But whether it is grants to charities (as in the case of Kids Company), or this sort of programme, or funds provided to Academy Schools, the public sector seems to pay out cash much more casually. We suspect the Department will say “processes have been tightened up since then” – the victims of fraud always do – but we would suggest the public sector in total needs to look hard at these, what we might call,  external  non-procurement expenditures. We’ll return to that issue at a future date.

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Voices (9)

  1. Ian Heptinstall:

    I’ve just had a look at what is included in the CIPS “Global Standard for Procurement”, the list of things professionals should know, and I can’t find much listed under “know and understand”. Only about rules/laws, the importance of obtaining info from suppliers during selection, and using communication plans internally. And fraud is bundled with corruption, bribery, and human rights.

    Nothing about knowing what the look for, or how to set up basic risk-reduction processes. I also can’t remember anything in the CIPS Corporate Award programme materials (the in house training MCIPS

    I can’t find any reference to segregation of the roles of budget holding/selection-award/receipt confirmation, which seemed at the heart of this example (and many others)

  2. bitter and twisted:

    I disagree with this focus on the supplier validity.

    The opportunity for most purchasing frauds is that delivery is not scrutinized.

    1. Mark Lainchbury:

      Completely agree.
      I was just being pedantic & exploring how much groundwork, the guy had put into this fraud.

      1. Peter Smith:

        Good point – so checks need to establish more than just the company exists, need to look at trading, names of directors etc

  3. Mark Lainchbury:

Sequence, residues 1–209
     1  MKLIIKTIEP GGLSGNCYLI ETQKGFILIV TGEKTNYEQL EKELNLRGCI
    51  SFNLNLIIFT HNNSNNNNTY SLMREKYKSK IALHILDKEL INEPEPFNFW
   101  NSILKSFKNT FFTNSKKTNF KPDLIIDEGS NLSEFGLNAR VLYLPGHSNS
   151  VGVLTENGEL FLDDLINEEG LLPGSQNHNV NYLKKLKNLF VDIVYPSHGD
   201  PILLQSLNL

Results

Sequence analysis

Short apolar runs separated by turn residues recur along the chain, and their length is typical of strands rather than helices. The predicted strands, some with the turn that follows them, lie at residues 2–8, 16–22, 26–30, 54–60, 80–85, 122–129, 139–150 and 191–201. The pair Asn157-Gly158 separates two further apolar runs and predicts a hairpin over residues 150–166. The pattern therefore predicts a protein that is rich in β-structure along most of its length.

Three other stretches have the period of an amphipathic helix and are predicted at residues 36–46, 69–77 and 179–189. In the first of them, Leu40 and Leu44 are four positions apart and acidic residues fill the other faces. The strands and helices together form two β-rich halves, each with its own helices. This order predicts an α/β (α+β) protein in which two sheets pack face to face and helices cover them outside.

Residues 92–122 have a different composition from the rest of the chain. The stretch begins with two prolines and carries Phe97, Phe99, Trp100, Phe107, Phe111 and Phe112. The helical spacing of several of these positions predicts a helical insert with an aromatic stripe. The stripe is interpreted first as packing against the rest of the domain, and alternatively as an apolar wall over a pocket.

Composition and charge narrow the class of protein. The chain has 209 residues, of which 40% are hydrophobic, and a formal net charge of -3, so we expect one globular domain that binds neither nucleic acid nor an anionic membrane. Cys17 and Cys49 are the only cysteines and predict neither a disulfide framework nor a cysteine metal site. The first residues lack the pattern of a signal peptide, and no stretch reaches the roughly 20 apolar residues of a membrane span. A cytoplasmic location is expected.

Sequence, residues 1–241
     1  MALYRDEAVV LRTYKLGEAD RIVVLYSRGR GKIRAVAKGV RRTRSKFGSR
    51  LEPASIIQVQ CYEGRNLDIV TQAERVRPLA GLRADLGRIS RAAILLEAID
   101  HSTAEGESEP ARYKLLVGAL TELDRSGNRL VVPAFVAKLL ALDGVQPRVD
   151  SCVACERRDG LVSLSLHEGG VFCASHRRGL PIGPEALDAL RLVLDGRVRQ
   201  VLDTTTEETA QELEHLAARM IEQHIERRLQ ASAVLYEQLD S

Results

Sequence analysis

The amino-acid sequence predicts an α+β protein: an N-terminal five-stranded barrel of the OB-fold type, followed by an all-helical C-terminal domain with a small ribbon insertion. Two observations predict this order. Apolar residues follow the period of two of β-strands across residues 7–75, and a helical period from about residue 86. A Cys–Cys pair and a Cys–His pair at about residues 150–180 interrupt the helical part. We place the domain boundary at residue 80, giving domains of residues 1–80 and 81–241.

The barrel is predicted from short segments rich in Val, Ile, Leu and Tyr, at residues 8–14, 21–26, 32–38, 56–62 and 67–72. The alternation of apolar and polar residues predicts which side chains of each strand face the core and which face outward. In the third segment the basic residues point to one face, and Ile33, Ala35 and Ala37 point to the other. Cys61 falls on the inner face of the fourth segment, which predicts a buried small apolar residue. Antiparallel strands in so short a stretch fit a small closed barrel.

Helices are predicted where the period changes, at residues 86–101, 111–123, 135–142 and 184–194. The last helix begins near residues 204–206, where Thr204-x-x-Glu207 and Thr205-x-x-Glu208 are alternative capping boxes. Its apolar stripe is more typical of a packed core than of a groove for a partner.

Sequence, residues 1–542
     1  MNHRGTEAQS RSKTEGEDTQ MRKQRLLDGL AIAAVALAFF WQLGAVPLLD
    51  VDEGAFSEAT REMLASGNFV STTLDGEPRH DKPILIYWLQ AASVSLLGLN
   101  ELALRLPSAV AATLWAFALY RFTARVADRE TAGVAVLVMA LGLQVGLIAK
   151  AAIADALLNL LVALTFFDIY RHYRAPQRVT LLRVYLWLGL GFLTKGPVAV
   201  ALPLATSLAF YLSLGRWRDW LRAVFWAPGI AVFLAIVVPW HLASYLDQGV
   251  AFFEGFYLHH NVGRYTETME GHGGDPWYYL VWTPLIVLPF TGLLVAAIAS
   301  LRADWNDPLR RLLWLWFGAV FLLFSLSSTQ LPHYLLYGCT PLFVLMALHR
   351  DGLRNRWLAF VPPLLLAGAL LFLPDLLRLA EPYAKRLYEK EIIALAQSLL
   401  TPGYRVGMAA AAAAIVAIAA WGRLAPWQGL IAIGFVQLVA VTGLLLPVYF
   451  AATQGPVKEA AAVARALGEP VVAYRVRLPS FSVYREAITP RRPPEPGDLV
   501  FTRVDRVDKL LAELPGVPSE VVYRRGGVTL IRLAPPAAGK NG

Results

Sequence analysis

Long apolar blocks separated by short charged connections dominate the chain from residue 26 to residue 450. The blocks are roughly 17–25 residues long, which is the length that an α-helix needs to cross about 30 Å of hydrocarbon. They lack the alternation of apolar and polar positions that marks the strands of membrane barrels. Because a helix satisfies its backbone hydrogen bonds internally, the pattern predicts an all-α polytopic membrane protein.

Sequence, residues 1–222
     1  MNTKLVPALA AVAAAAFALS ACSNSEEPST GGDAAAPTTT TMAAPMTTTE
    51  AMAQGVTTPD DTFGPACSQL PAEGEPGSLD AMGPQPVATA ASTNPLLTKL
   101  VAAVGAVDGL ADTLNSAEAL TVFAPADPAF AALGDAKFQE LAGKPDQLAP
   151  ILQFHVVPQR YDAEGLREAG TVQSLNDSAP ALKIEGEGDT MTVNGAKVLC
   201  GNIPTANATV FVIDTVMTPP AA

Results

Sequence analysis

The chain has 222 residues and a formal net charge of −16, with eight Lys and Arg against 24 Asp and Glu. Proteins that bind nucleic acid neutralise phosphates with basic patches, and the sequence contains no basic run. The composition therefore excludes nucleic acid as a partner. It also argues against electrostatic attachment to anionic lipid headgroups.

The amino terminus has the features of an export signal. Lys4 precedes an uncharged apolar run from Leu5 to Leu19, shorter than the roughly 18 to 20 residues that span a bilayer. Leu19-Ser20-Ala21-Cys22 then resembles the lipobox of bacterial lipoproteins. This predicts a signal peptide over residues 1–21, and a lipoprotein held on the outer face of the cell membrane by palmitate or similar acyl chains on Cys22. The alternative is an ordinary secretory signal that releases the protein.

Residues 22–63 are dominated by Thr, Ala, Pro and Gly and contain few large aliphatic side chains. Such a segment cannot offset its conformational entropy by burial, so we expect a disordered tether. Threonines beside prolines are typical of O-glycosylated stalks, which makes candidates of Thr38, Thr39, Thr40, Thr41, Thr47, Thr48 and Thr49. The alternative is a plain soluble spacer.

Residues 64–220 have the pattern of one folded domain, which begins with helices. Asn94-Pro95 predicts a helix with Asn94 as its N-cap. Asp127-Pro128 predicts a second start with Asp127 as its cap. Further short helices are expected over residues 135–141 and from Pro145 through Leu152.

Looks like they actually existed
    Company No. 06625812

  4. Ian OO:

    The failure to even check whether these companies existed is breathtaking. The average transfer value exceeded the OJEU threshold, surely that warrants a small investigation of the validity of the supplier.

  5. bitter and twisted:

    The sad irony is his fraud was less wasteful than some ‘legitimate’ spending.

    1. Nick @ Market Dojo:

      So true! I might have to track this guy down and give him an investment fund – a compound annual growth rate of 7.4% is better than cash in the bank. Wolf of Wandsworth perhaps?

  6. Anna-Marie:

    As part of any due-diligence (or process) one would expect the basic checks…
    As part of any contract management, (or process) one would expect the basic information…
    As part of anyone’s terms of reference…one would expect they are qualified….or acknowleged and deleiver the expectations…
    As part of anyone’s day to day work activities, one would expect integrity to their duties…
    Maybe i expect too much..
    it is simply summed up in one word..

    Its with regret that I am able to use this word to describe other examples…

    The one area that I hear so much about and is the new focus, of which I see real devotion and commitment…….is the commercial aims to be …the ‘centre of excellence’…..

    ought to be more ‘applying’ rather than relying ..I’m just saying..